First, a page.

By Darren Cambridge & Tom de Boor
Darren: Education is awash in data as never before. Increasingly, the challenge for education decision-makers is literally seeing what all this data means and communicating it to other stakeholders. A collaborative data visualization service like IBM’s Many Eyes, optimized for the needs of educators, could help address this problem by allowing educational administrators to easily share data sets and use the service’s platform to generate and share creative data visualizations from any data set that’s been uploaded.
Needless to say, access to sensitive data sets would need to be limited (education officials, associations could host and vet participants) though ultimately the goal would be to share the resulting visualizations widely. It would probably help administrators if visualization experts were regularly invited to participate so as to generate a steady stream of creative visualizations to model and inspire. But what other features would make this type of service particularly relevant and useful to educational decision-makers?
Tom: I’ll kick this conversation off with a couple of thoughts, and will have more depending what others have to say. First of all, I think it’s very important that a service of this type support the creation and sharing of visualization *sequences*, not just single visualizations. One of the big trends in data visualization in the last year or so has been using visualizations to tell stories, and it seems to me like this could be particularly important in education, where data is supposed to be used to make the case for change, and making arguments for anything typically requires narrative, not just single snapshots.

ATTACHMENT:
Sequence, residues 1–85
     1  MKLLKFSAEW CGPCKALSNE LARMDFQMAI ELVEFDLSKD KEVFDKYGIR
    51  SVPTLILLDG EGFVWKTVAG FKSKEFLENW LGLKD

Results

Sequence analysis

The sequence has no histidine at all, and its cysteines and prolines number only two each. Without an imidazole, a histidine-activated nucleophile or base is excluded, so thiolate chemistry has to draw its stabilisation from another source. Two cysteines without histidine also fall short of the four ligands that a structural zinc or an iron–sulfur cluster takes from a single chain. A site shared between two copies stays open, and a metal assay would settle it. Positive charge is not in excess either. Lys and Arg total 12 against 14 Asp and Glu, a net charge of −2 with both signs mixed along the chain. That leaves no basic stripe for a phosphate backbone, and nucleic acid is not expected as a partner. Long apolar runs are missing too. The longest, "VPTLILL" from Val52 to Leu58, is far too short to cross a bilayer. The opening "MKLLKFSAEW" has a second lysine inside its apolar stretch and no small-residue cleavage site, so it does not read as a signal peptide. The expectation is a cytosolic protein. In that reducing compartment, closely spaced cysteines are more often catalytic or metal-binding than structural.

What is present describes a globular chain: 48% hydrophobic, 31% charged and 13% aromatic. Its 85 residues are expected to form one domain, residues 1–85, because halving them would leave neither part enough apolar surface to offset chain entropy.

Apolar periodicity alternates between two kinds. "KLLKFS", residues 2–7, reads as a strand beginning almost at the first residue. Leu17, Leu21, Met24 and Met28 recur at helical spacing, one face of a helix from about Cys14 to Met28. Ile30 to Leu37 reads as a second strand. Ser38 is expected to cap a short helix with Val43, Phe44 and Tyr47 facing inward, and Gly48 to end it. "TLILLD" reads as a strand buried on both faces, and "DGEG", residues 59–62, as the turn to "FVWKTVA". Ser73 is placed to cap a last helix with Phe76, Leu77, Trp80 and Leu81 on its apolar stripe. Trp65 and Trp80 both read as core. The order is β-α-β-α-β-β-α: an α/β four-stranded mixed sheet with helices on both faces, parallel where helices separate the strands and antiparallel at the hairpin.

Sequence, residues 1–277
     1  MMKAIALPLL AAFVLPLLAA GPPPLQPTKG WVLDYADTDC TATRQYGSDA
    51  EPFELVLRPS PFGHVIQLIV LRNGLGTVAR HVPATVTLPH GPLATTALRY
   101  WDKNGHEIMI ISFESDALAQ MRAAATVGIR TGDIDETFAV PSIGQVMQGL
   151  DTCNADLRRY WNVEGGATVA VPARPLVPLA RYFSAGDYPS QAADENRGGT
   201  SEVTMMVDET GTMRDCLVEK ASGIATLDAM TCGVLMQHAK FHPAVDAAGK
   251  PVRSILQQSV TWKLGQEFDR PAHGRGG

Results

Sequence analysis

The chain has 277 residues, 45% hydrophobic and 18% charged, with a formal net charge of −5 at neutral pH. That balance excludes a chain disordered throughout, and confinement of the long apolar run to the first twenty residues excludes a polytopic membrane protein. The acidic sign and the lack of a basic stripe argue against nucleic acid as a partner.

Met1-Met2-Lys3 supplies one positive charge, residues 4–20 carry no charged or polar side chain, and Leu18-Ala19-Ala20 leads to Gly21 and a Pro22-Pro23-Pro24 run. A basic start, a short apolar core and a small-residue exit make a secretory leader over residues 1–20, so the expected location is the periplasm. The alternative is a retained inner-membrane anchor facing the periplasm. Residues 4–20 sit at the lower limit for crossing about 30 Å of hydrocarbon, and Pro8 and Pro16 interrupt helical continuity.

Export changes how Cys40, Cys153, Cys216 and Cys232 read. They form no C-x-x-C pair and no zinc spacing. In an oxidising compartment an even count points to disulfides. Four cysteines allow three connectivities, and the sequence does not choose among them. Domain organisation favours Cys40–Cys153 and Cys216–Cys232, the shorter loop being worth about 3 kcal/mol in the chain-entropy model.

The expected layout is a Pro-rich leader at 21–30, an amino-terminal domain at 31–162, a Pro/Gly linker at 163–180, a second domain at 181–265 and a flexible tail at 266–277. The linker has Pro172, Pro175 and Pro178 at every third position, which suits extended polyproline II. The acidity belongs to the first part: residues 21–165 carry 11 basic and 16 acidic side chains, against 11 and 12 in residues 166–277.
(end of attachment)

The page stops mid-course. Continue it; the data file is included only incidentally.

Another thing I think an educational version of service like this has to do is recognize the multi-level nature of education. Specifically it needs to provide the built-in capability to easily aggregate data sets that have been submitted, either to help decision-makers project results to higher levels of organization (e.g. combining data submitted from districts to get a sense of state-wide results, which can then be visualized) or to compare results (e.g. comparing results from different states in visual form). To this end (and others), ideally the service would also have built-in statistical functionality to help decision-makers determine how real any differences they are seeing really are (and show this, where necessary, in the resulting visualizations). Some decision-makers may not want their data combined and/or compared, of course, and the system would need to provide them with the option to “opt out” of those kinds of use of their data.
Another thing, albeit somewhat more peripheral: despite the amount of data already available, I could see decision-makers at all levels finding there’s data they want/need that they don’t have. It would be great if the system allowed participants to broadcast data requests to anyone in the community at a specific level and/or with a specific job title. Even better if the system aggregated and organized these requests, so that researchers and high-level decision-makers could get a snapshot sense of what kinds of data are most wanted that don’t seem to be getting collected today, and appropriate actions could be taken.